Automatic target detection in a radar image represents a complicated task, particularly when assessing a battlefield situation over large areas to locate individual targets in the presence of heavy returns, or ‘clutter.’ Various statistical approaches have been proposed to address the clutter problem. Among them, neural network techniques have been widely adopted because of numerous advantages. Also, recent studies have shown that clutter can be modeled as a nonlinear deterministic dynamical system,1 making it amenable to chaotic system methods. We have found that combining these two approaches allows us to effectively suppress clutter and preserve target features.
We applied a dynamic learning neural network2 (DLNN) to reconstruct clutter dynamical models. A DLNN is a multilayer perceptron neural network with two modifications. First, each node in the input and hidden layers is fully connected to the output layer. Second, the activation function is removed from each output node, allowing the chaotic model to be expressed as a linear function of the output weight vector in terms of polynomial basis functions.3
Clutter signals can be reconstructed from time series measurements by applying the results of Takens4 to determine a suitable embedding dimension. As a rule, embedding size grows with model complexity, as do the number of required measurements and computational costs. Alternatively, in the approach we adopt, the clutter may be treated as a spatial chaotic system because of the nature of scattering and its associated nonlinear wave phenomena.5 This allows the clutter to be reconstructed in the spatial domain, generally with less effort. We therefore employed spatial information, rather than radar time series, in applying the DLNN.
To further ease the computational burden, we used fractal dimension5 to quantify the chaotic behavior of the clutter's geometric aspects. We determined it by differential box counting,6 the least complex of several methods used to estimate an image's fractal dimension, and easy to implement. Our proposed target detector employs DLNN in conjunction with the estimated fractal dimension to perform detection under various clutter depths.
We evaluated this method using the Moving and Stationary Target Acquisition and Recognition SAR (synthetic aperture radar) image data set.7 The images were acquired in the X band with 1ft spatial resolution. Four images of high levels of detection difficulty were selected to verify and validate the proposed approach, and the probability of false alarm was set to 0.02. Figure 1 shows the application of our method to one of the images, as well as the applications of the conventional constant false alarm rate (CFAR) algorithm and DLNN alone. Similar outcomes were obtained for the other three images.
Figure 1. Images (b)–(d) are the results of applying three target detection methods on the synthetic aperture radar image shown in (a). A constant false alarm rate (CFAR) algorithm was used in (b), and a dynamic learning neural network (DLNN) method was used in (c). The combined use of a DNLL method fractal dimensioning is shown in (d).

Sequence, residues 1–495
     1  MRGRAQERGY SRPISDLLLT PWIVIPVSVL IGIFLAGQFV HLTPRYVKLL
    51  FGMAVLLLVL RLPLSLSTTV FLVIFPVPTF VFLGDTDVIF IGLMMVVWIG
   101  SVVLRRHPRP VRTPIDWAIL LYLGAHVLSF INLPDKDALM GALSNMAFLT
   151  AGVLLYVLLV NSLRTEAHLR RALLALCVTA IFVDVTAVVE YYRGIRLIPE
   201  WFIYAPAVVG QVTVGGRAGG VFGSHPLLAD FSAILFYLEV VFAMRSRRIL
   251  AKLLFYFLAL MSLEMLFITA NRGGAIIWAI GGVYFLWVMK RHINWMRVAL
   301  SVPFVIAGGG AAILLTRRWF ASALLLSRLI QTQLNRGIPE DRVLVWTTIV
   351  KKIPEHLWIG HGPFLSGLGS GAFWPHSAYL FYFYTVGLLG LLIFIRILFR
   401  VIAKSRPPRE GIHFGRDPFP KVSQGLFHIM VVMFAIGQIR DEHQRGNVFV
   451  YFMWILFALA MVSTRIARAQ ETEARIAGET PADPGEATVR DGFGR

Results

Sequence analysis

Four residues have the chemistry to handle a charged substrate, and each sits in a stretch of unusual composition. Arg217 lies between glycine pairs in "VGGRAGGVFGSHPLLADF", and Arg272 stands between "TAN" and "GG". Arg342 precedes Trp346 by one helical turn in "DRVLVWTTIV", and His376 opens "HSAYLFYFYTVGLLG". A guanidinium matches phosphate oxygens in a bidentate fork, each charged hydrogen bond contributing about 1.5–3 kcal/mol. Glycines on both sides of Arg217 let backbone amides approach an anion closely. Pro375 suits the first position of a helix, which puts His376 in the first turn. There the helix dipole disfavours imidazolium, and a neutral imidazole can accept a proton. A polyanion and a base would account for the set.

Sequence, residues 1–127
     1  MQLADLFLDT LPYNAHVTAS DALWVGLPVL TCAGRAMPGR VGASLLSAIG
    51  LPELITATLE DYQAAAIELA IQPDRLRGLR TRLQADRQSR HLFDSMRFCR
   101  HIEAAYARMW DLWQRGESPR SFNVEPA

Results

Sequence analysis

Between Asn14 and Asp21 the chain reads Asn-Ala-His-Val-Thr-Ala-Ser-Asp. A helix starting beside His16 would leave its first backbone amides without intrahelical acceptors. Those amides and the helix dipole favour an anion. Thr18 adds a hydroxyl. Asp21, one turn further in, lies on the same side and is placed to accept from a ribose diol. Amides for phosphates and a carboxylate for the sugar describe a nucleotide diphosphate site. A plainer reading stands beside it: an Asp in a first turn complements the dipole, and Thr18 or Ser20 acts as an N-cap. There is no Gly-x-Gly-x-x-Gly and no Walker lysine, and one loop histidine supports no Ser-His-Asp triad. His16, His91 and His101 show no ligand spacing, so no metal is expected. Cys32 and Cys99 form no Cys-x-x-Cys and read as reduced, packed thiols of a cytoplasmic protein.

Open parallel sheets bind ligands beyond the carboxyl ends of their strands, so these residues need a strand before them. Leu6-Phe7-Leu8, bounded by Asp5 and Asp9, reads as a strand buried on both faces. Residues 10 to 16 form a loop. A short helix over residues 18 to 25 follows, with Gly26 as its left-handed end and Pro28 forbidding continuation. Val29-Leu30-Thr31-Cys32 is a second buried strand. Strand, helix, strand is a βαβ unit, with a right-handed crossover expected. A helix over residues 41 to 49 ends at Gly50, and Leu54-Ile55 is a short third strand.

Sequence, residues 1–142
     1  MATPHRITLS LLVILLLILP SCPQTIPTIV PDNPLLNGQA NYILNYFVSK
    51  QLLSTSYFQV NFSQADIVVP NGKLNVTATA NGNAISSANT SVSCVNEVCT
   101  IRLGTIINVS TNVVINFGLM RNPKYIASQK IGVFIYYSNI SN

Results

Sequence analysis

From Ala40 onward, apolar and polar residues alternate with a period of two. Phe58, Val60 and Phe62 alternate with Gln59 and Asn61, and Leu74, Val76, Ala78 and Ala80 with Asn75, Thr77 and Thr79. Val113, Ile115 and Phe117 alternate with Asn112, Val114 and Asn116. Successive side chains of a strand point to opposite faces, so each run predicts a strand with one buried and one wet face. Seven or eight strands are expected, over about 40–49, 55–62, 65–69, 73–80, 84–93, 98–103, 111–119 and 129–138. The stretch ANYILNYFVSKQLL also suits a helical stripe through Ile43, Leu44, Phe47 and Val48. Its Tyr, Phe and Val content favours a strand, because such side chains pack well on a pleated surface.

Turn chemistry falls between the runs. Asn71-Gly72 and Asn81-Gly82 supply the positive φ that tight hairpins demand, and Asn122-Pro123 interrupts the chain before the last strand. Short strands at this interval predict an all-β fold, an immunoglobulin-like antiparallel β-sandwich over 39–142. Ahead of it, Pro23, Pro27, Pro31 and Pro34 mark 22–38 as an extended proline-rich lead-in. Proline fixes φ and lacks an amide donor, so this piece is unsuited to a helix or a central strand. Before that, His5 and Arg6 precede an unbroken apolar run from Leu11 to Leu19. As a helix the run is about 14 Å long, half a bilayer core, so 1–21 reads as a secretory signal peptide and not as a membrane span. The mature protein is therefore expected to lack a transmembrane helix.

Our approach—Figure 1(d)—yields the least noise over the whole image—Figure 1(a)—implying that the detected target is not scattered over the surroundings. The use of DLNN only—Figure 1(c)—provides satisfactory performance. It leaves some noise, but better preserves target structures, as seen by comparison with the CFAR method results shown in Figure 1(b). The balance between background noise removal and structure preservation may be adjusted by the threshold value.
The results shown in Figure 1 were assessed with the detection rate (DR), false detection rate (FDR), and loss detection rate (LDR), which measures the overlap between actual and detected target areas.8 Generally, higher DR values, and lower FDR and LDR values, denote improved performance. Table 1 shows that on this basis, our ‘DLNN+Fractal’ method was superior to DLNN alone, which was itself better than the CFAR algorithm. The conventional approach did poorly in identifying the target structure because it could not suppress the strong clutter surrounding the target.
The detection performances of the methods applied in Figure 1
It is obvious that the use of fractal information with a neural network does well in extracting target features amid heavy clutter. Its performance can be tuned with the threshold setting to preserve target structure and suppress background noise. The optimum threshold has yet to be determined, but we do know that it seems related to target size and image resolution.
Department of Electronic Engineering, National United University
Yu-Chang Tzeng is a professor in the Department of Electronic Engineering at the National United University. He is an adjunct researcher at the Center for Space and Remote Sensing Research, National Central University. His major research has been in the areas ofmicrowave remote sensingwith emphasis on neural network applications, and remote sensing image processing. In addition, he has written numerous papers for SPIE conferences.
Center for Space and Remote Sensing Research, National Central University
Since 1992, Dr. Chen has been with the faculty of the Center for Space and Remote Sensing Research at the National Central University, where he is now a professor. He is a senior member of the IEEE, and a member of the Electromagnetic Academy. He has authored three book chapters, more than 60 referred journal papers, and 110 conference papers in the areas of remote sensing and wave scattering and propagation.